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How to Prevent Burns and Overheating
Avoiding walking your dog on concrete, asphalt or other hot surfaces is the best way to prevent burns, but there are a few other things you can do to prevent burns and overheating. These tips will help your pet stay safe when the temperatures soar:
Have you ever tried to walk across the beach barefoot on a very hot day? After the first few steps, you probably set a new speed record as you sprinted to the water, or maybe you gave in and put on your sandals before taking another step. Your pet experiences the same reaction during summer walks on the sidewalk or road. Despite the common belief that paw pads provide the ultimate protection for your furry friend, your pet's feet are vulnerable.
Your Pet’s Built-In Shoes
Paw pads protect your pet's feet just as your shoes protect your feet. They provide traction and act as shock absorbers when your pet jumps and runs. Walking over sticks and rocks isn't uncomfortable for your dog or cat because the pads distribute weight very effectively over the entire surface of the pad, minimizing discomfort. Although your pet's paws are very tough, they can be injured by sharp objects or exposure to hot or cold temperatures.
It's Hotter Than You Think
Concrete and asphalt heat up quickly. On average, these surfaces are 40 to 50 degrees higher than the air temperature. On a 90-degree-day, the temperature of the sidewalk may reach a sizzling 130 degrees. Concrete and asphalt tend to retain heat for hours. Even when temperatures start to drop, it's still may not be safe to walk your pet. Although both dogs and cats can experience pad burns, the problem is more common in dogs, as most cats don't spend time going for walks on a leash.
Not Just Pavement
Burns can also occur when your dog walks on the sand or is exposed to hot metal or other hot surfaces on a car or truck. Even riding in the seat of a car that's been sitting in the sun for hours can cause burns.
Take the Test
One simple test makes it easy to determine if it's too hot to take your dog for a walk. Place your hand on the concrete and asphalt for at least 10 seconds. If you find it hard to keep your hand on the pavement, it's best to skip the walk or delay it.
Pay Attention to Your Dog's Behavior
Dogs want to please their owners and may continue to walk even if they are very uncomfortable. When the street or on the sidewalk is just too hot, your dog may:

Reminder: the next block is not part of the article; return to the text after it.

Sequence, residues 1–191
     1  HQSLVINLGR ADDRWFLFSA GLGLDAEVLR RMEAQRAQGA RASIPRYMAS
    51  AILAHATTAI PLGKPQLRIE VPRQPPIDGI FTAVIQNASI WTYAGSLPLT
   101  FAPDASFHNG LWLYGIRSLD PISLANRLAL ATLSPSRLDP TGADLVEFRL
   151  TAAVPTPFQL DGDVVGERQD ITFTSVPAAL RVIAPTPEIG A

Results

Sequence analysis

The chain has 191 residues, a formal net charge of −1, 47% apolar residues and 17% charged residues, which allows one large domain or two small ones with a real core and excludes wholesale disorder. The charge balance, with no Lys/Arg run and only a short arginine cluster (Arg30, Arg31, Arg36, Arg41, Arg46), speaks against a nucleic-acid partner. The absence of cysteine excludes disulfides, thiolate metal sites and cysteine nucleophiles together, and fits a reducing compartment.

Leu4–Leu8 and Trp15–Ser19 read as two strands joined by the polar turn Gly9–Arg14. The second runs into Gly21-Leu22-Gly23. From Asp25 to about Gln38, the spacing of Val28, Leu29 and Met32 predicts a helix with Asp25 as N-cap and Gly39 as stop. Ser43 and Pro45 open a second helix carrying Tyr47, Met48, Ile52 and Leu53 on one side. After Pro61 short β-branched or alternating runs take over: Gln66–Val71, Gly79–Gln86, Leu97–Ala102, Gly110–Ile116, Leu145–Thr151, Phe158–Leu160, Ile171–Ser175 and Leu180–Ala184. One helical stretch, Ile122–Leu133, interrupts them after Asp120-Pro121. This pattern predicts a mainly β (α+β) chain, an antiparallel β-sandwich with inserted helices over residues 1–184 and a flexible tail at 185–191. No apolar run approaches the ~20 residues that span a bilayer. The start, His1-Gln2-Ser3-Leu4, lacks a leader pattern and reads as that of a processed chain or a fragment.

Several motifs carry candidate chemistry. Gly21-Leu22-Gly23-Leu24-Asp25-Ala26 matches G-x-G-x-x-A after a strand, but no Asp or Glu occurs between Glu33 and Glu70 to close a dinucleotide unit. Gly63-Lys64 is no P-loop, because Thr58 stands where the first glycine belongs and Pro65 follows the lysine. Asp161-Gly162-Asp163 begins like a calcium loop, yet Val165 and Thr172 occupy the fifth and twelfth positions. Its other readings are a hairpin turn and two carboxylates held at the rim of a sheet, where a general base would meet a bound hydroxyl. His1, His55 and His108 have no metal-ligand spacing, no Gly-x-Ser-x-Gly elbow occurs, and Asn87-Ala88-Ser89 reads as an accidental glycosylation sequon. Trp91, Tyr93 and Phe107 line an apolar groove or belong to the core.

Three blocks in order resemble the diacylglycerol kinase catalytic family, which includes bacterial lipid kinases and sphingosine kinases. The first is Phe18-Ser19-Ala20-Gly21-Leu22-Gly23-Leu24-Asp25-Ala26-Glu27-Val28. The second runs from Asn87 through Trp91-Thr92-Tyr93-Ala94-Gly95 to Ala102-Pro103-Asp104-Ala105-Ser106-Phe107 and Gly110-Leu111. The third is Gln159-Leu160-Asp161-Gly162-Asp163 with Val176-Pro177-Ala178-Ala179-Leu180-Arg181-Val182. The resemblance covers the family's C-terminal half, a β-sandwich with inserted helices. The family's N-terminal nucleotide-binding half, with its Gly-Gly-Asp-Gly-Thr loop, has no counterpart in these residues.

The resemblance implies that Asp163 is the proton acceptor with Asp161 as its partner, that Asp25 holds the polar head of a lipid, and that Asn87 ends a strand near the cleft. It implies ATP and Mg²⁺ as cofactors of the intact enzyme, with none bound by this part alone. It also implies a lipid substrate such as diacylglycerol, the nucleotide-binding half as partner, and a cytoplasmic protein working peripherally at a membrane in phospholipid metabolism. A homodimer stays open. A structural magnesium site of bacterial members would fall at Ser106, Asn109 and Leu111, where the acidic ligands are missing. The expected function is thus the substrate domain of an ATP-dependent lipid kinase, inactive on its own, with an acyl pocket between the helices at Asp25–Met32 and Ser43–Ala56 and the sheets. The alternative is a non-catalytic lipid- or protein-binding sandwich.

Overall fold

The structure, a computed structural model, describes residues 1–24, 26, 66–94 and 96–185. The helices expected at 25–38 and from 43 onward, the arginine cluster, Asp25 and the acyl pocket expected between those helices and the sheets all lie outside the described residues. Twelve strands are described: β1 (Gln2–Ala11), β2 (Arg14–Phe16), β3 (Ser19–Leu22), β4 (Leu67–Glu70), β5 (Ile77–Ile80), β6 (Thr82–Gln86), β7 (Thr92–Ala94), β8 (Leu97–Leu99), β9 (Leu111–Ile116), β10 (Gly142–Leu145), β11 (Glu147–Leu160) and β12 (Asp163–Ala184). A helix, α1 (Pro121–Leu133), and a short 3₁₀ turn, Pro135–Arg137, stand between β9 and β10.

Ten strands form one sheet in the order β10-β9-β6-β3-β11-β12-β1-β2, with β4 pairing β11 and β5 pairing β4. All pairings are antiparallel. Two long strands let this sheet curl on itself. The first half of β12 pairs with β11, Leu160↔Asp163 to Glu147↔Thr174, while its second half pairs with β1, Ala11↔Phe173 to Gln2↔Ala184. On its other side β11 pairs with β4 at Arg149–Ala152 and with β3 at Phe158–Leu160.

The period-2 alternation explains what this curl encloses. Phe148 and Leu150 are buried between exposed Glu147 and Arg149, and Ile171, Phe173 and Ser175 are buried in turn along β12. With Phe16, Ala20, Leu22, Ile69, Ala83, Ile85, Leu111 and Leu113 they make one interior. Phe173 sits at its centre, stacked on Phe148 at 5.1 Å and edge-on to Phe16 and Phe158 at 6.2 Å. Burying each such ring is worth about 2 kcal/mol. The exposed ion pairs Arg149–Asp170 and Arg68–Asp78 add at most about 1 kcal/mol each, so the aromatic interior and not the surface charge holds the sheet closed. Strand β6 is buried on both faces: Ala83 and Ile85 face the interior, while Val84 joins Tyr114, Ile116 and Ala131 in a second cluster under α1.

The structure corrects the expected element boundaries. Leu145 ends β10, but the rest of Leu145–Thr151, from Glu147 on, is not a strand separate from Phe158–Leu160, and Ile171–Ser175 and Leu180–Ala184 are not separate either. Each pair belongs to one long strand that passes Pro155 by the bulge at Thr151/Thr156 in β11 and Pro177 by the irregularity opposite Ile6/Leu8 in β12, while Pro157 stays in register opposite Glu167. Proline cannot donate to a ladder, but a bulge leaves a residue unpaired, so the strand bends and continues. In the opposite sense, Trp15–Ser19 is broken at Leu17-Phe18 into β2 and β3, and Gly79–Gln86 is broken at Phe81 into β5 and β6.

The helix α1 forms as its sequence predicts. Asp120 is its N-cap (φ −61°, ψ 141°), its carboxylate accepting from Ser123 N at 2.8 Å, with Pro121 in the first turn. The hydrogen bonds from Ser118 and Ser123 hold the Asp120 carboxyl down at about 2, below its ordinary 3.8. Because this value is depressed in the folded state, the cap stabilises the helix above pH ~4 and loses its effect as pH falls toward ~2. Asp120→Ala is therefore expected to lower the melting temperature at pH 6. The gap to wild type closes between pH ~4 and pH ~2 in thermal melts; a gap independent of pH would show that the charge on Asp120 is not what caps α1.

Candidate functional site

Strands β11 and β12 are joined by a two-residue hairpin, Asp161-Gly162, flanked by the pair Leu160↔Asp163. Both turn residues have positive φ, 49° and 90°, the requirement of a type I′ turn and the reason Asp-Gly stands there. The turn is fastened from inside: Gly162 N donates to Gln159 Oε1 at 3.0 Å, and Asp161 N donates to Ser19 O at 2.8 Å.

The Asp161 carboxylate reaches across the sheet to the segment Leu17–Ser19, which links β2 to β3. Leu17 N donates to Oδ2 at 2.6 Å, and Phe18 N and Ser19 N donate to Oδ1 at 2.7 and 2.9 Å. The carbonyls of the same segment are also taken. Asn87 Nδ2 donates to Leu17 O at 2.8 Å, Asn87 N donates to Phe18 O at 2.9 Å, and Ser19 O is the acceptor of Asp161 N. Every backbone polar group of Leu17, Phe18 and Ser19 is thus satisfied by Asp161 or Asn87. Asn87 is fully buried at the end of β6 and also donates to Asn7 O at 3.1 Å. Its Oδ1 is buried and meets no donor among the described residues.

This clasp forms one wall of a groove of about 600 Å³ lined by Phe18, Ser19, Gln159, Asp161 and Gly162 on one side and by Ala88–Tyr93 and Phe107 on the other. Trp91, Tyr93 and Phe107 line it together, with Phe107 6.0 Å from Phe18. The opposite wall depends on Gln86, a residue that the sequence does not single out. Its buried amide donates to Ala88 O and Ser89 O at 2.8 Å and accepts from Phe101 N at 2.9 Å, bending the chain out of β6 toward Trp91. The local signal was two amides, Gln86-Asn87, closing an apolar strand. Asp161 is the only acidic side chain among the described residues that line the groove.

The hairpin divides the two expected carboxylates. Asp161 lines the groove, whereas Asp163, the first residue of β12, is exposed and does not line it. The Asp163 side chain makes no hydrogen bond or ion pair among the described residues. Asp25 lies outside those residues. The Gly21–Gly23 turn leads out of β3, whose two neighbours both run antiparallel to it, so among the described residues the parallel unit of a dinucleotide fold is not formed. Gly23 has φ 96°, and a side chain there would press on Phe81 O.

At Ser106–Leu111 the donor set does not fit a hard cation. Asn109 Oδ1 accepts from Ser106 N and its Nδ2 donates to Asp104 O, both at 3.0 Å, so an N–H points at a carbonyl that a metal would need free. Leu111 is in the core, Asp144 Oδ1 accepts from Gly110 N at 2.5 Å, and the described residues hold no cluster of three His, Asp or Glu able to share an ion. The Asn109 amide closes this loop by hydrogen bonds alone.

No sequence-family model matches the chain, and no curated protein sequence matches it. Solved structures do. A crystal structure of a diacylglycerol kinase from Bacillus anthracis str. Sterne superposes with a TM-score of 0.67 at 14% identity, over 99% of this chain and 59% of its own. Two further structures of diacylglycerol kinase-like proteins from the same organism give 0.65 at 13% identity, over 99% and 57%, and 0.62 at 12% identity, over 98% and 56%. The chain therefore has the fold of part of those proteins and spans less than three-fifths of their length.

Signs of a Burn
If your dog experiences a burn, you may notice:
What to Do if Your Pet Experiences a Burn
Use cool water to clean off the pads and apply an antibacterial cream or ointment. Place gauze or a bandage over the burns and make an appointment with your pet's veterinarian as soon as possible. If you're concerned that your pet may have experienced paw pad burns, or it's time for your furry friend's checkup, give us a call. We're committed to providing excellent healthcare for your pets.
PetMD: If You Can’t Stand the Heat, 07/28/11
Pet Sitters: How Hot is That Sidewalk?
American Kennel Club Canine Health Foundation: Keeping Dogs’ Paws Healthy, 11/19/12
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Don't take a good vet for granted, that's what I say. I currently live in another state and have taken my 10 year old dog to numerous vets over the years (California, Colorado, Vegas, and then some). Never have I ever received the attention and care I've gotten w/Dr. Hines. Within the past 3 months alone, my dog went to 3 different vets for a horrible and painful skin problem that broke out all over her body.
The first vet: I spent more time ponying up the $175 for the visit than the Dr. spent actually looking at my dog. He performed a woods lamp exam for ringworm. Even without Google or a veterinary degree, I could tell it wasn't ringworm. Thanks for taking my money.
Second vet: "Here's some spray, now here's your bill. Bring her back in two weeks so I can charge you another visit." No tests, nothing.
Between the two, I felt like I got nowhere. No definitive answer on why this affected my dog and the medication given wasn't even for a diagnosed condition. Just some general topical spray. I could have bought it at Petsmart and saved myself the time and money.
Recently, on a visit to Idaho, I planned ahead to bring my dog to the Rupert Animal Clinic. I asked the same questions, had the same concerns and now have different results. Dr. Hines gave me options on what route to take, ran appropriate tests and communicated with me every step of the way (even calling me personally when test results came in). My primary concern was cancer. Our dog is like our child- we'll pay the money if we can keep her healthy and safe. In the future, I've resolved to bring my dog to Rupert Animal Clinic on our annual trip for all of her exams. I know she won't be treated as a little cash cow to exploit an owner's love for pets.